Japanese engineer develops turbine to harness power from typhoons
The designer of the typhoon turbine believes a single typhoon could generate enough energy to power Japan for 50 years.
TOKYO — A Japanese engineer has designed a new type of wind turbine that he believes would be able to harness power from typhoons.
Atsushi Shimizu founded a tech company called Challenergy in 2013 and invented a wind turbine that not only can draw power from the force of wind, but can stay functional during typhoons.
The typhoon turbine consists of three vertical blades and a central rod. It has an omnidirectional axis so that it can respond to wind coming from every direction.
Instead of driven by a propeller, the turbine makes use of the principle of the Magnus effect: air curves when passing by a rotating object, and the downward deflection of the air-flow produces a lifting force that counteracts the force of gravity, enabling the object to remain airborne.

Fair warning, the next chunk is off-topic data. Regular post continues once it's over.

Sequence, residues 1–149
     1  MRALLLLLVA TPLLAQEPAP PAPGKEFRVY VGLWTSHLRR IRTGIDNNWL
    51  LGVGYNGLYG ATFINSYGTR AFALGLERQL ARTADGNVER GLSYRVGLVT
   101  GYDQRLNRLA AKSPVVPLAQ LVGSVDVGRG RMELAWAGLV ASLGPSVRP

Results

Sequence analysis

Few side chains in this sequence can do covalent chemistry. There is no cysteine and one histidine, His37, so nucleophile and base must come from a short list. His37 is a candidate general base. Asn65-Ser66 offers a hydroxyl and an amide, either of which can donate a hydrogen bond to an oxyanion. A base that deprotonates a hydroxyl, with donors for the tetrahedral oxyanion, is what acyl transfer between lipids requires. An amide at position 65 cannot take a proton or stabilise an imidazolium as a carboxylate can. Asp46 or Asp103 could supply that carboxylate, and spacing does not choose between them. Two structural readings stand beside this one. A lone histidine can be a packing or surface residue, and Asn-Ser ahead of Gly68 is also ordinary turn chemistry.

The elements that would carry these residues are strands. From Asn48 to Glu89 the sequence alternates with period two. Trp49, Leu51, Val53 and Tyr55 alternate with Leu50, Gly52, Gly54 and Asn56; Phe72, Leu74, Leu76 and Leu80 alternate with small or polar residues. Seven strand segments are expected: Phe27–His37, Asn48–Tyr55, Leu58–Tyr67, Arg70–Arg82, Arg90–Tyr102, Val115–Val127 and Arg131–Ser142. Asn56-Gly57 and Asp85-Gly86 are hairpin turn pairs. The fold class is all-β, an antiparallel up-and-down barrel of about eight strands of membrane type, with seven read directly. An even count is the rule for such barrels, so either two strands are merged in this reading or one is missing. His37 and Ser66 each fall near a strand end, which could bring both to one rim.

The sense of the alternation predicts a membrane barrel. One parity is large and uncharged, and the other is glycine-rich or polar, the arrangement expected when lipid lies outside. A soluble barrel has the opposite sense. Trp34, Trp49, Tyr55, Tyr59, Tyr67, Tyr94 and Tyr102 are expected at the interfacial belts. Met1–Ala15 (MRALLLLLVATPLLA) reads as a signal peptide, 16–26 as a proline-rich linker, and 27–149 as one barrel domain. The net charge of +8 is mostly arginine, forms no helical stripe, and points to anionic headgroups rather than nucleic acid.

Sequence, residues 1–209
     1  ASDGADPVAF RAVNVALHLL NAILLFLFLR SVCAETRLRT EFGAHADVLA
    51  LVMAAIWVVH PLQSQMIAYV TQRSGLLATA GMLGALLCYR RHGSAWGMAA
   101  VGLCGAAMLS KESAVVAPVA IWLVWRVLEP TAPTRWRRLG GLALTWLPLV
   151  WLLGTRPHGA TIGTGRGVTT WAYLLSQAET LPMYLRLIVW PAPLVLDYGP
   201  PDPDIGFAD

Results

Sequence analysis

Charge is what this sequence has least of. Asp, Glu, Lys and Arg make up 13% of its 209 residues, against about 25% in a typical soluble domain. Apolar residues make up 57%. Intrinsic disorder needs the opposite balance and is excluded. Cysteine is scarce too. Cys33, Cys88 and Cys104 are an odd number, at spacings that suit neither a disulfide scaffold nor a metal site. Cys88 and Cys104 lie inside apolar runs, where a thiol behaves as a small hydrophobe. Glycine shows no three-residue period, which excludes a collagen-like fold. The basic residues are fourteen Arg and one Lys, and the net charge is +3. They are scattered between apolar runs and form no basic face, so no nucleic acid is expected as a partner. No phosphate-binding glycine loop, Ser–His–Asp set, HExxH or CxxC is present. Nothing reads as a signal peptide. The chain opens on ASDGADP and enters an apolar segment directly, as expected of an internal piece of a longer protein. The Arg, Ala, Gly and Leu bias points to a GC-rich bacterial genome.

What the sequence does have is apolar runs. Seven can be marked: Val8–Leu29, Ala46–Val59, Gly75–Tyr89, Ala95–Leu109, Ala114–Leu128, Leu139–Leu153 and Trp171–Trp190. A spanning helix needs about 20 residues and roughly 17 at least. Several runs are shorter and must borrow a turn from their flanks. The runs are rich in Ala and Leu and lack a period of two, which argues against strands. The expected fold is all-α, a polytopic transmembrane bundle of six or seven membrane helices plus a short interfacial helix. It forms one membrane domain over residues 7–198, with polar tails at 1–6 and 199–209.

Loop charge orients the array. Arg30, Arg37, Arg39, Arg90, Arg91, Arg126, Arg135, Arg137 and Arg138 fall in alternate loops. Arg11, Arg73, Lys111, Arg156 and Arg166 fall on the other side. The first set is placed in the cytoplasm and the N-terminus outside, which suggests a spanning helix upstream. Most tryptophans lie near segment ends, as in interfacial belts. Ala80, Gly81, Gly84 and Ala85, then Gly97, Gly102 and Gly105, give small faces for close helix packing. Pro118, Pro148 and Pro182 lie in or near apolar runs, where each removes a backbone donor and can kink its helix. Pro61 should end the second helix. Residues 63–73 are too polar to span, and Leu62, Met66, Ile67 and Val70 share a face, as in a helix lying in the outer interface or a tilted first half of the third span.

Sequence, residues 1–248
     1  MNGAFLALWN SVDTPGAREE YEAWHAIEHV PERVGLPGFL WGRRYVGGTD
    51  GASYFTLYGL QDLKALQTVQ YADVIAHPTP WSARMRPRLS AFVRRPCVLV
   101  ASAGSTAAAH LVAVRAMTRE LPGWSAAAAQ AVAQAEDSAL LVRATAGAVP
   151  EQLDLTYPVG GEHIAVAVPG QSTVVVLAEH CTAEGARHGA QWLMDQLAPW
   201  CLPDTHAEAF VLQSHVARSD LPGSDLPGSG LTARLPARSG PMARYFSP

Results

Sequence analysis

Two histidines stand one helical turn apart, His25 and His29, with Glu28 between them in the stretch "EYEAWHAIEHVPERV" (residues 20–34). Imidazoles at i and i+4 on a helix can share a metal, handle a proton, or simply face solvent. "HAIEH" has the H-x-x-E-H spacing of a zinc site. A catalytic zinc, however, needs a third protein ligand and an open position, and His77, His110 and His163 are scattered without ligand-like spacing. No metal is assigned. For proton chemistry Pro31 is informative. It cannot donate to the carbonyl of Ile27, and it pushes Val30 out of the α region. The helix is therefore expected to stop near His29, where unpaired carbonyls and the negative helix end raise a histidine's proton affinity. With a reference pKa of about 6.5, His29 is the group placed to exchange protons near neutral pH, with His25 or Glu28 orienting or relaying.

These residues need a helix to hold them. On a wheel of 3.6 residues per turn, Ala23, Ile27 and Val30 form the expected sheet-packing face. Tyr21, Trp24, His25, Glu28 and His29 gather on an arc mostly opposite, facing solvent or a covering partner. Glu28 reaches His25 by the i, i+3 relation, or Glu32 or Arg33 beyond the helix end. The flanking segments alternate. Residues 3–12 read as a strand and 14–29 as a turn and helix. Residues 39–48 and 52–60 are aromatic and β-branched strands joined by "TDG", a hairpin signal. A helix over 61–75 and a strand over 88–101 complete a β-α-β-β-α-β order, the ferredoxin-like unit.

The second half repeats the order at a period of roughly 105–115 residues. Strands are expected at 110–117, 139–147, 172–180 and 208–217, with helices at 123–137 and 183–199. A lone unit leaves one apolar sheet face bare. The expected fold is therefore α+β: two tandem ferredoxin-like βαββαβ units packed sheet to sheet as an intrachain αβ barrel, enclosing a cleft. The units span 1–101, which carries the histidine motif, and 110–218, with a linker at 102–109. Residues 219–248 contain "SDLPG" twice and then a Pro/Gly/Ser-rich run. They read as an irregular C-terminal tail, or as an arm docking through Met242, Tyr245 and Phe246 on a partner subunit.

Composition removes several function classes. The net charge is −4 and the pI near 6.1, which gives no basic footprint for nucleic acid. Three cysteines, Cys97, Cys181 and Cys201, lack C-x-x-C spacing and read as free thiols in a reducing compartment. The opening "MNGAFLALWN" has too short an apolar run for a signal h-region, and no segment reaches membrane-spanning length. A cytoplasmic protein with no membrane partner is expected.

The blades are controlled by the central rod, which can be tightened to slow down, or stop the blades regardless of the external forces.
Under normal circumstances, the typhoon turbine can achieve about 30 percent efficiency while conventional wind turbine can achieve 40 percent, ScienceAlert reported. However, conventional wind turbines could be damaged by typhoons while the typhoon turbine would be able to function normally.
"Japan actually has a lot more wind power than it does solar power, it's just not utilized," Shimizu told CNN. "Japan has the potential to be a super power of wind.”
According to the Japan Guide, about seven or eight typhoons pass over Okinawa prefecture each year, with about three hitting its main islands. Shimizu believes a single typhoon could generate enough energy to power Japan for 50 years.
The designer Atsushi Shimizu poses with the typhoon turbine. FACEBOOK / CHALLENERGY INC.
Shimizu believes a single typhoon would generate enough energy to power Japan for 50 years. FACEBOOK / CHALLENERGY INC.
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